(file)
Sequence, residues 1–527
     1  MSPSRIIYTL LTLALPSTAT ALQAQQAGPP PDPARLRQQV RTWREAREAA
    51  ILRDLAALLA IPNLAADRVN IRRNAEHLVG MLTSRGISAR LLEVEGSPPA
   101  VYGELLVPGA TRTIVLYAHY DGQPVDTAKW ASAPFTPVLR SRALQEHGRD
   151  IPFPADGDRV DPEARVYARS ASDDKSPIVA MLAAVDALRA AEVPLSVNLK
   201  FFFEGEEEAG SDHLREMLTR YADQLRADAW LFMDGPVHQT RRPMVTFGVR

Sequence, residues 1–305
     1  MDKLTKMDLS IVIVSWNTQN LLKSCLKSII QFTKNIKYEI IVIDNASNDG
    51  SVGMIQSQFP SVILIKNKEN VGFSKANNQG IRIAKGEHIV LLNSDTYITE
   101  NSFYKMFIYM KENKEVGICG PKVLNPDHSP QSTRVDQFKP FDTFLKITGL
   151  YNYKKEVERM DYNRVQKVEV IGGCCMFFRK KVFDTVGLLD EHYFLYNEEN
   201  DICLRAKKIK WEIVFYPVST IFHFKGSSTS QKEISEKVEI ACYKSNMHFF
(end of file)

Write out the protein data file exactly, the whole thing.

Sequence, residues 1–527
     1  MSPSRIIYTL LTLALPSTAT ALQAQQAGPP PDPARLRQQV RTWREAREAA
    51  ILRDLAALLA IPNLAADRVN IRRNAEHLVG MLTSRGISAR LLEVEGSPPA
   101  VYGELLVPGA TRTIVLYAHY DGQPVDTAKW ASAPFTPVLR SRALQEHGRD
   151  IPFPADGDRV DPEARVYARS ASDDKSPIVA MLAAVDALRA AEVPLSVNLK
   201  FFFEGEEEAG SDHLREMLTR YADQLRADAW LFMDGPVHQT RRPMVTFGVR

Sequence, residues 1–305
     1  MDKLTKMDLS IVIVSWNTQN LLKSCLKSII QFTKNIKYEI IVIDNASNDG
    51  SVGMIQSQFP SVILIKNKEN VGFSKANNQG IRIAKGEHIV LLNSDTYITE
   101  NSFYKMFIYM KENKEVGICG PKVLNPDHSP QSTRVDQFKP FDTFLKITGL
   151  YNYKKEVERM DYNRVQKVEV IGGCCMFFRK KVFDTVGLLD EHYFLYNEEN
   201  DICLRAKKIK WEIVFYPVST IFHFKGSSTS QKEISEKVEI ACYKSNMHFF